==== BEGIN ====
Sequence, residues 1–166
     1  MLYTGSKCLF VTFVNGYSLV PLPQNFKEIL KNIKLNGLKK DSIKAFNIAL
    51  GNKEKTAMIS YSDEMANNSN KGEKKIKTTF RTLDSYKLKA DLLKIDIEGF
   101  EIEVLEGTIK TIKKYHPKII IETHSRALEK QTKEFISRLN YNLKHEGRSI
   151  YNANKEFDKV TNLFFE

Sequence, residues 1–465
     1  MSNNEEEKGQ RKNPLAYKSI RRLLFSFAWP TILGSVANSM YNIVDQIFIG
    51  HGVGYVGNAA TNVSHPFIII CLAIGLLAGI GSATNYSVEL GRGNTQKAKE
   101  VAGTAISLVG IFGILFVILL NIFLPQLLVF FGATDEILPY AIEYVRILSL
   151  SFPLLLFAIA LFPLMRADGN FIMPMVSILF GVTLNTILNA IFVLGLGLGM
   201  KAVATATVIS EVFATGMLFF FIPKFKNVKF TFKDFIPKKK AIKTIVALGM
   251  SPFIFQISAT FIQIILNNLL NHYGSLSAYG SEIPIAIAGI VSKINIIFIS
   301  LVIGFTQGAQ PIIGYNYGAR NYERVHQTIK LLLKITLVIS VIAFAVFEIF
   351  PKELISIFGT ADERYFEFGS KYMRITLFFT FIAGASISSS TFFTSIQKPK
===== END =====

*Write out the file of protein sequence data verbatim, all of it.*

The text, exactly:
Sequence, residues 1–166
     1  MLYTGSKCLF VTFVNGYSLV PLPQNFKEIL KNIKLNGLKK DSIKAFNIAL
    51  GNKEKTAMIS YSDEMANNSN KGEKKIKTTF RTLDSYKLKA DLLKIDIEGF
   101  EIEVLEGTIK TIKKYHPKII IETHSRALEK QTKEFISRLN YNLKHEGRSI
   151  YNANKEFDKV TNLFFE

Sequence, residues 1–465
     1  MSNNEEEKGQ RKNPLAYKSI RRLLFSFAWP TILGSVANSM YNIVDQIFIG
    51  HGVGYVGNAA TNVSHPFIII CLAIGLLAGI GSATNYSVEL GRGNTQKAKE
   101  VAGTAISLVG IFGILFVILL NIFLPQLLVF FGATDEILPY AIEYVRILSL
   151  SFPLLLFAIA LFPLMRADGN FIMPMVSILF GVTLNTILNA IFVLGLGLGM
   201  KAVATATVIS EVFATGMLFF FIPKFKNVKF TFKDFIPKKK AIKTIVALGM
   251  SPFIFQISAT FIQIILNNLL NHYGSLSAYG SEIPIAIAGI VSKINIIFIS
   301  LVIGFTQGAQ PIIGYNYGAR NYERVHQTIK LLLKITLVIS VIAFAVFEIF
   351  PKELISIFGT ADERYFEFGS KYMRITLFFT FIAGASISSS TFFTSIQKPK